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Discovering the Roots of Reiki
According to literature, which is available at the Mt. Kurama Temple, a priest named Gantei, climbed Mount Kurama in 770 A.D. led by a white horse. Bishmon-ten, protector of the northern quarter of the Buddhist heaven and the spirit of the sun, enlightened Gantei’s soul.
He then founded the Buddhist temple on Mount Kurama, which has been through many different stages of development and restoration since. Formally part of the Tendai sect of Buddhism, but has been part of the newly founded Kurama-Kokyo sect of Buddhism since 1949.
Mount Kurama is said to have wonderful energy, offering a meditative waterfall with the Kurama Temples located up the side of the mountain. This requires visitors to hike up the side of the mountain in order get to the temples. Visitors claim taking a short rest makes the journey upward easier and that the energy is so great and refreshing that one hardly notices the hike.
Mount Kurama is described by many as a truly powerful spot to visit. The calming energy that flows through Mount Kurama is also uplifting and relaxing. Visitors find contentment and peace.
There is a shrine, which represents trinity at the San-mon Station. In the Kurama-Kokyo sect, it is known as Sonten or Supreme Deity. The Sonten is thought to be the source of all creation.
According to ancient lore, Sonten came to earth over six million years ago in the form of a being when the great king of the conquerors of evil, Mao-son, descended upon Mount Kurama from Venus. Mao-son’s mission was the salvation and evolution of mankind and all living things on earth.
It is also described that Mao-son incarnated as the spirit of the earth, residing inside an ancient cedar tree at the top of a mountain. It is said that the spirit emanates from Mount Kurama still today.
It’s said that Sonten manifests on Earth as love, light and power. The symbol of love is referred to as Senju-Kannon and looks similar to the emotional/mental symbol. The light symbol is called Bishamon-ten. The power symbol is called Mao-son. The three symbols are similar in meaning to the three symbols of Reiki II.
Usui Sensei studied many different things before he rediscovered Reiki. He was searching for spiritual answers and healing. By doing so, he opened himself up to a higher power and learned to heal himself as well as others.
Mount Kurama is scattered with giant cedar trees. At the top there is a small shrine called Okunoin Mao-den. Mao-son is said to have descended from here. There is an old cedar tree behind the shrine, which is protected by an iron fence and is said to hold the spirit of Mao-son. It is a very calm area where the sound of running water can be heard and the wind can be felt blowing through the trees. It’s a wonderful place for meditation and for giving Reiki treatments.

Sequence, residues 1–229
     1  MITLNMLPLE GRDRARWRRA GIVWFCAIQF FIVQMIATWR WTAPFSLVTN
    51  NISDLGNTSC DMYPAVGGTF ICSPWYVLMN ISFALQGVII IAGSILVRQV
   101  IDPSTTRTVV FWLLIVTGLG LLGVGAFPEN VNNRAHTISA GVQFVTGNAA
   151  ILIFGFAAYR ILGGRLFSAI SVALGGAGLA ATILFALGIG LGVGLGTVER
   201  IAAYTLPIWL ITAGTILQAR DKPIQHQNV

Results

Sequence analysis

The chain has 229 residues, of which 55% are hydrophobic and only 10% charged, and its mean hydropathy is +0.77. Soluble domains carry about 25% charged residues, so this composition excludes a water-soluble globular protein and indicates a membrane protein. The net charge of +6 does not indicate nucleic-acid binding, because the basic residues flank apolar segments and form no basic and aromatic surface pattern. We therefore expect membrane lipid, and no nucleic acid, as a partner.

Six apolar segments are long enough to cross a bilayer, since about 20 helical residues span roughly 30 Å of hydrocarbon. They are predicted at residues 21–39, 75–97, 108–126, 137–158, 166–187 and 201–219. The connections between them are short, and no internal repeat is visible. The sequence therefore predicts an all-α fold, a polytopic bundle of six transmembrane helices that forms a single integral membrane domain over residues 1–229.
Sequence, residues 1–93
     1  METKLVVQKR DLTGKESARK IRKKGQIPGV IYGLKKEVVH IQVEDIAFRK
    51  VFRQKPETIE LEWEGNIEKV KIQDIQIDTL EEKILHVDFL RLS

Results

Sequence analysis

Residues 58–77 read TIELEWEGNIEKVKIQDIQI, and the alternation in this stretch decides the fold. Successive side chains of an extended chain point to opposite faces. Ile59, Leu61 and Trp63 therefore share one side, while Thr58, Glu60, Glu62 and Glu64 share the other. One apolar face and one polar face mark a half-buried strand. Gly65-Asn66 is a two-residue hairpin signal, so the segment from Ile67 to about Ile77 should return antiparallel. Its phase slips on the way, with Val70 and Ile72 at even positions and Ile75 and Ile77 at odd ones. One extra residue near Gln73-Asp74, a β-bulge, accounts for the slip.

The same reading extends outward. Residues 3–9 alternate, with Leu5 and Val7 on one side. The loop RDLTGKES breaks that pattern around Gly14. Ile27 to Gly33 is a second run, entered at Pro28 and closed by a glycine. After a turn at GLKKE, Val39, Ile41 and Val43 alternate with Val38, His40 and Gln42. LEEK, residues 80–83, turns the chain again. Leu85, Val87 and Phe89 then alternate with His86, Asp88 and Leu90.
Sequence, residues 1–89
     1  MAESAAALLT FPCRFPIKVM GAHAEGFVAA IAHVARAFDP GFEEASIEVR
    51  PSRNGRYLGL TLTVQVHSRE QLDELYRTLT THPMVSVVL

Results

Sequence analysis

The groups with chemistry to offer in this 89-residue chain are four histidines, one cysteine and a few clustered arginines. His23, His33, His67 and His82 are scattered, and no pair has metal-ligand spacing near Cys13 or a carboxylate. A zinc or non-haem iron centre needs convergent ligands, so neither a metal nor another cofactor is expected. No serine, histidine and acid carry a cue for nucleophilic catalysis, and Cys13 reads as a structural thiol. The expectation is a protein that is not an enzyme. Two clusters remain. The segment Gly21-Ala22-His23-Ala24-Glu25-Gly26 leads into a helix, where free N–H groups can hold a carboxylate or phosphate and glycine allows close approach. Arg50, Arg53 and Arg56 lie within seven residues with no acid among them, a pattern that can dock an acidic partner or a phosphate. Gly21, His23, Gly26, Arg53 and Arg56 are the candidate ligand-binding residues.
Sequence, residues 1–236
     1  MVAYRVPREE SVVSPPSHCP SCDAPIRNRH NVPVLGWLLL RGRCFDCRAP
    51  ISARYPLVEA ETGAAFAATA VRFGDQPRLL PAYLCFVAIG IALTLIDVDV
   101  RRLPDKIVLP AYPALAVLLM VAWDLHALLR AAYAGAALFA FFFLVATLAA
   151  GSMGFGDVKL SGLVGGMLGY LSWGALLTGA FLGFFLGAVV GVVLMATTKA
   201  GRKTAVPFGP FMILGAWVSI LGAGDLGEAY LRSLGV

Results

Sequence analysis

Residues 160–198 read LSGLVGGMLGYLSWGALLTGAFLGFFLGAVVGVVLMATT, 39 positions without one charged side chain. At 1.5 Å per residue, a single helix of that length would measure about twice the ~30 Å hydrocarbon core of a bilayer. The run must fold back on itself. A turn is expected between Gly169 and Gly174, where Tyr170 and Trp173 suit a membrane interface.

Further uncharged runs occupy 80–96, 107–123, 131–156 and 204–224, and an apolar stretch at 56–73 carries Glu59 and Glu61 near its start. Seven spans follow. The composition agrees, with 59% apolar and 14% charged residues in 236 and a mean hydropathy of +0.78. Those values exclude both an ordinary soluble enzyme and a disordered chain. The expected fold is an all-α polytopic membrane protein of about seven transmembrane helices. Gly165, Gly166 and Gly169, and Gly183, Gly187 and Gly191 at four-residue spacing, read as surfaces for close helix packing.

Mikao Usui discovered Reiki in 1922 after a 21 day retreat on Mount Kurama. The retreat involved meditation, fasting and prayer. He claimed that the mystical revelation in which he had gained the spiritual knowledge and spiritual power was applied to and attuned to others, referring to it as Reiki.
Usui moved to Tokyo in April of 1922 where he founded the Usui Reiki Ryoho Gakkai (Usui Reiki Healing Society). Usui was a big fan of the literary works of Emperor Meiji, and so he used much of the emperor’s work when it came to summarizing and developing the Reiki system.
There are five principles of Reiki:
The secret method of inviting good fortune
The marvelous medicine for all sickness
Just for today:
Do not be angry
Do not worry
Work with integrity
Be kind to others
Every morning and every night, sit in the Gassho position with your hands held palm-to-palm, and speak these words out loud in your heart.
After Usui’s death, a former student of Usui, who was Chujiro Hayashi, left the Usui Reiki Ryoho Gakkai and formed his own association. By doing so, he simplified the Reiki teachings with a stress on physical healing and the use of simpler Reiki techniques.
Reiki can be described as a holistic healing method. It utilizes the life force of spiritual energy and has varying levels of practice. One interesting thing regarding Reiki is the fact that even though the practitioner is giving a Reiki treatment to another individual, the practitioner is also receiving additional benefits of Reiki themselves.
A recipient of Reiki typically describes a strong heat sensation omitting from the practitioner’s hands. This heat may move around the body and may not originate from the hands necessarily. Recipients often describe the heat moving around on its own where it is needed.
Both practitioner and recipient can engage in normal conversation during a session. A session typically lasts anywhere from 15 minutes to an hour. A Reiki treatment begins with the recipient on their back and finishes with the recipient on their stomach.
A massage table with a Reiki attachment for the face is typically used for comfort. The recipient may be covered up with a sheet and the practitioner may choose to burn incense and play music, particularly Reiki attunement music, during the treatment.